Invisible Disabilities Week: Interview with a Spoonie – Ruth

– Name:
Ruth S.

– Origin:
I was born in the South West of England, in Devon on Christmas Day 1996. I have lived with my mum and dad and brother (until he moved out), in the same house for 21 years in a town called Exeter. I love it here, I can’t imagine being anywhere else.

– Tell us a little about you! What do you enjoy doing?
There are so many things I enjoy doing. Including: Listening to music (especially my favourite group of all time BTS), going out for walks, blogging,  going to the gym, baking, hanging out with my friends and family, eating, watching anime, youtube and Disney films, playing video games (especially Animal Crossing)  and probably something else that I’m forgetting. I also have a beautiful calico cat called Poppy who I adore spending time with. She is the best thing in my life right now and I love her to pieces.

– Tell us about your chronic illnesses! Anything undiagnosed or are you going through diagnosis right now!
I suffer from anxiety and depression. It first started in around 2013 when I started college. My anxiety would give me migraines that would make me pass out, and I got depressed due to being too scared to do anything or go outside. I don’t get that anymore, but the anxiety and depression is still with me. Some days are better than others but having cognitive behavioural therapy last year, and being put on anti anxiety/depression tablets has really helped me.

– What would you say is the worst thing about chronic illness?
Definitely how overlooked it is, and how many people don’t know or understand about it. I dislike it when people assume that anxiety is just feeling a little bit nervous when giving a speech or something. And depression is just feeling slightly sad sometimes. It is so much more than that. For me, it’s constantly shaking, feeling sick and just feeling extremely numb all the time.  They are serious illnesses and disabilities, and more people need to understand what we go through on a daily basis.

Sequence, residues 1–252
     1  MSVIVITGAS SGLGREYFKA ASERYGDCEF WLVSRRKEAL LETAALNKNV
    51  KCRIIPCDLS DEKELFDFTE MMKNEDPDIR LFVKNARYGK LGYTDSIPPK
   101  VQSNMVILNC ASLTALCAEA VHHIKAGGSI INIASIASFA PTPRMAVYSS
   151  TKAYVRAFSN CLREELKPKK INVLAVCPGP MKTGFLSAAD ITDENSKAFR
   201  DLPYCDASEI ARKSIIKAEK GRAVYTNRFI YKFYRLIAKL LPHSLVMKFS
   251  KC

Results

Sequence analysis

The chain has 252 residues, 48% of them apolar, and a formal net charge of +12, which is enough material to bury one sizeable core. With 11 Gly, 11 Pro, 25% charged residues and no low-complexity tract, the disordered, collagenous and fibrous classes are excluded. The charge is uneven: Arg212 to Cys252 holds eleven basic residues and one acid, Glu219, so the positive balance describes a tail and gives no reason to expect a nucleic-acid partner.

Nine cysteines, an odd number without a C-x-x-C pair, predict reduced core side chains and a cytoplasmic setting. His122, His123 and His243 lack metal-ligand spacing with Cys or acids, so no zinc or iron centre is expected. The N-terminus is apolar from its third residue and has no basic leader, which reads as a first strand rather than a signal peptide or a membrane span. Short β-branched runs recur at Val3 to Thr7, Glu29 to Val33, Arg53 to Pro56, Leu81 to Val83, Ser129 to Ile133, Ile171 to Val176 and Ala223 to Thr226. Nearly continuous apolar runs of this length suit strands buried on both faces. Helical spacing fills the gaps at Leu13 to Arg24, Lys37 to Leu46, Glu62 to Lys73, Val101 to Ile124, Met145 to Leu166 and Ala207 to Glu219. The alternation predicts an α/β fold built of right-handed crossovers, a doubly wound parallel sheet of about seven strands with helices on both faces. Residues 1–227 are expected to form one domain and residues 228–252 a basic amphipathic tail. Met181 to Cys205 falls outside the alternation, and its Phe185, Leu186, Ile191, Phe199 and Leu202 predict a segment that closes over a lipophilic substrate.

– Are you a part of the spoonie community? Have you learnt anything from it?
I like to think I am. I love being a part of it and supporting others in the same types of situations as me. I have learnt so much. I have learnt about all sorts of different chronic illnesses that I didn’t know about before joining the community. I never realised there was so many. It has really opened my eyes even more to how serious this is, and how more awareness needs to be spread.

– What is your support system like? Do you have people around you who support and help you?
I definitely have a strong support system. The few friends that I have chosen, are really supportive and understanding. My best friend of 21 years (Tyler) liked to take me out in her car to the beach, and we would just sit in the car and chat and watch the waves. I found it very calming when I was having a bad day. I am really going to miss her when she goes travelling in a few weeks. My parents are also very supportive, and have never judged me when I went on tablets and have always been understanding especially during my years at college when I was really, really struggling. Also, at work, my colleagues are very nice about everything. When I had an anxiety attack and a migraine at work once, they were extremely kind and let me sit in the staff room with the lights off for 20 minutes. They all kept on coming in and checking if I was okay. It’s lovely working in a place with people like that where I feel safe and comfortable if anything was to happen.

– What is one achievement you have, that you thought you wouldn’t with chronic illness?
I work in a shop, and we hand out surveys so our customers can give feedback. My biggest achievement was getting my first positive mention from a customer. If I had told me of 5 years ago that that had happened, she never would have believed me. Back then I could barely make eye contact with people, let alone help a customer to the extent that they remember me in a good way. I was probably usually remembered as the super awkward, anxious looking one who wouldn’t do anything. But yes, seeing that for the first time really made me smile, and I have had a few more since then. Read my experience of working in retail with anxiety here!

– Any spoonie specific social media you would like to share? Can people follow you there?
I don’t have any spoonie specific social media at the moment, I’m afraid. But feel free to check out my blog, and comment and share. It would mean the absolute world to me.

Read more about Ruth, over on her blog!

Read all Invisible Disabilities Week posts here!

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